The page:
There are many great things about college basketball. From the roaring student sections, to the conference rivalries and, of course, March Madness. There are few climaxes in sports that can reach the heights that college basketball does. Another factor that any true sports fan can appreciate about this season is the parity that surrounds the NCAA. I understand that many people don’t see the point and effort put into rankings in college hoops, but if rankings can do just one thing, it is to illustrate a parity-ridden season when there is one.
The past four weeks in college basketball have featured four different number ones. Each one of those number one teams has lost in the following week. This was shown most recently on Saturday when third-ranked Indiana dethroned top-ranked Michigan at Assembly Hall. In fact, the Kansas Jayhawks, who entered Saturday ranked number one in the Coach’s Poll also lost. Their loss hurt even more as they forfeited not only their 18-game winning streak, but also their 33 home game winning streak. The one thing this does tell us of rankings is that it will be all sorts of messy come Monday morning.
More importantly, as the season embarks on yet another home stretch in conference play we can conclude that the window is open for anyone. In contrast, the last few seasons have featured a small number of power conference schools that could predictably make a Final Four run. This season is different. I am not inferring on any level that the big schools aren’t as good this year or that the power conferences are down in talent. However, I am thinking that the invite list for March may look a little more diverse. After all, there are six teams in the AP Top 25 and even more teams who have proven they are capable of playing at a number one level.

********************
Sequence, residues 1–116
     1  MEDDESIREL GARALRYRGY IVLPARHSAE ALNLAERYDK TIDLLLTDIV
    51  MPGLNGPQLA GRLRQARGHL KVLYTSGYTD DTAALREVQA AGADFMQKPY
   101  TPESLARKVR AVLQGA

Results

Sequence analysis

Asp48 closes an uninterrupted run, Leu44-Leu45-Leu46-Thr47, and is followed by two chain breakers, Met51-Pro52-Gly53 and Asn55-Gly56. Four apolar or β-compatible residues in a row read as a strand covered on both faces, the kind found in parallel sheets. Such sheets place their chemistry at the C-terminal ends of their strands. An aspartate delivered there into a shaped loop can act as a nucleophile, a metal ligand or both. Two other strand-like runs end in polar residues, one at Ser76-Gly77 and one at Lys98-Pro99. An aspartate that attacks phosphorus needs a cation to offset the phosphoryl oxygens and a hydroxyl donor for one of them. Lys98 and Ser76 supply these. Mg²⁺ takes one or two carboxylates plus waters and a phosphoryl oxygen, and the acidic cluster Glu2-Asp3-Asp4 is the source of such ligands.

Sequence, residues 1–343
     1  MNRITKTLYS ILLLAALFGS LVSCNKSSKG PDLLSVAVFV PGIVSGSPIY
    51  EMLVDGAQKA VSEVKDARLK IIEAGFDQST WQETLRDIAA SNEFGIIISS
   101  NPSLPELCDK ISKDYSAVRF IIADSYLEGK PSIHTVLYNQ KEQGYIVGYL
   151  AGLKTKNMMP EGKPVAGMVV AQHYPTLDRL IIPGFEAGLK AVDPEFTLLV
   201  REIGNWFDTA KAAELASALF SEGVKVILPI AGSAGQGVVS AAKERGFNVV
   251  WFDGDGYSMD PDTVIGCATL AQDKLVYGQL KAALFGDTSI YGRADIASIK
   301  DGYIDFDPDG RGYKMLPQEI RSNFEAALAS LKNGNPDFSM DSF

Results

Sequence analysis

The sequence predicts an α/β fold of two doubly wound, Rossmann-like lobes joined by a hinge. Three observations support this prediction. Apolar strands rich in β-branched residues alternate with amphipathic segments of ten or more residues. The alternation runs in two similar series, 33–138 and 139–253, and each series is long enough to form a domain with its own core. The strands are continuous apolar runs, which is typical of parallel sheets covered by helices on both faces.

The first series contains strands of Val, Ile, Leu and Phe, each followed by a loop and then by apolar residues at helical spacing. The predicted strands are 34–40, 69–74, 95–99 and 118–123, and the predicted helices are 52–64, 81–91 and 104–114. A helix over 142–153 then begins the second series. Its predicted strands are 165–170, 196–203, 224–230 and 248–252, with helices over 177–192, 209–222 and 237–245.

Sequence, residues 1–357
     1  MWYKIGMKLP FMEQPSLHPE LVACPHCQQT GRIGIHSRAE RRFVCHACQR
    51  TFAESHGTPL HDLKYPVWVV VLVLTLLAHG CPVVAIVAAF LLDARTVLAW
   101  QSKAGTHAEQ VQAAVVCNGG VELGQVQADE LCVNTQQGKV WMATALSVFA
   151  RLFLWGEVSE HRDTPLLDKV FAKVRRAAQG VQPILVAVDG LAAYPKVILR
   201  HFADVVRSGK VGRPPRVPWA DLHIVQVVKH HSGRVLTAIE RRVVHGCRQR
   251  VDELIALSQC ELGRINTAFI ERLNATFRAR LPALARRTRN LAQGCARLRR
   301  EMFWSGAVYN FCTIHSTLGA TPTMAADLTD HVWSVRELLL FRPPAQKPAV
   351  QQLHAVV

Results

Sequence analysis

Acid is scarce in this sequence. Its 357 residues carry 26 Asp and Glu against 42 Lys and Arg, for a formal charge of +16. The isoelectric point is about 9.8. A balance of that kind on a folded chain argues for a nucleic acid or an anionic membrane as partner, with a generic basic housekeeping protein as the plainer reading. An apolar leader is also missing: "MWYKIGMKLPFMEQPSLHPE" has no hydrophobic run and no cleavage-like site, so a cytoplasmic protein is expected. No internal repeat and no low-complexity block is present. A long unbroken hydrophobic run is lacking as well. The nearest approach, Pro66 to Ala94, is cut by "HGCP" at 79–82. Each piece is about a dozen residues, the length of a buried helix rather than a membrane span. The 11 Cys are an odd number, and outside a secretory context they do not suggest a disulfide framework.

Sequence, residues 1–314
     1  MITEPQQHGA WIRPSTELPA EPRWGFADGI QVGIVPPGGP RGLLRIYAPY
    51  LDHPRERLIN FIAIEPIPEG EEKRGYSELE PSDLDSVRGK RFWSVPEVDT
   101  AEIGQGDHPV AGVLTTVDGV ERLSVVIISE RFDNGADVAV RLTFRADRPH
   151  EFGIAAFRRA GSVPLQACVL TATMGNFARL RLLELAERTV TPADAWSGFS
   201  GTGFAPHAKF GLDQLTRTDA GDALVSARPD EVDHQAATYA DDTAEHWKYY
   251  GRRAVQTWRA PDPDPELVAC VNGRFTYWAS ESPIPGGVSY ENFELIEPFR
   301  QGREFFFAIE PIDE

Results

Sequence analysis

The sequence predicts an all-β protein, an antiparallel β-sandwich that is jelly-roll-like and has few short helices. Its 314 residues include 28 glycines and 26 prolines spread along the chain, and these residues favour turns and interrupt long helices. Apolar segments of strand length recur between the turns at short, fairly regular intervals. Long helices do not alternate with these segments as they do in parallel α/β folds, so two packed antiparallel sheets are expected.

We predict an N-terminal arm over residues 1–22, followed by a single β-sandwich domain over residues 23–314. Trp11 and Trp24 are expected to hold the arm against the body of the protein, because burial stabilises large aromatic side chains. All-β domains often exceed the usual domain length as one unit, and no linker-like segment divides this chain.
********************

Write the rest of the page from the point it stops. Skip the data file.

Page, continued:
Like most years, teams like Duke, Kansas, Michigan State and Ohio State will all be there. The mid major will get a little hazy past Gonzaga, Butler and San Diego State with another six weeks left to go to Selection Sunday, but after that, the sky is the limit. I wouldn’t put it out of question for the Big East and the Big Ten to lose spots in the tournament because of an unspoken mid major that will rise come conference tournament time.
It is all still a guessing game at this point with lots of basketball left to be played, but it goes to show that rankings are never as concrete as they may seem.
They’re what keeps us guessing.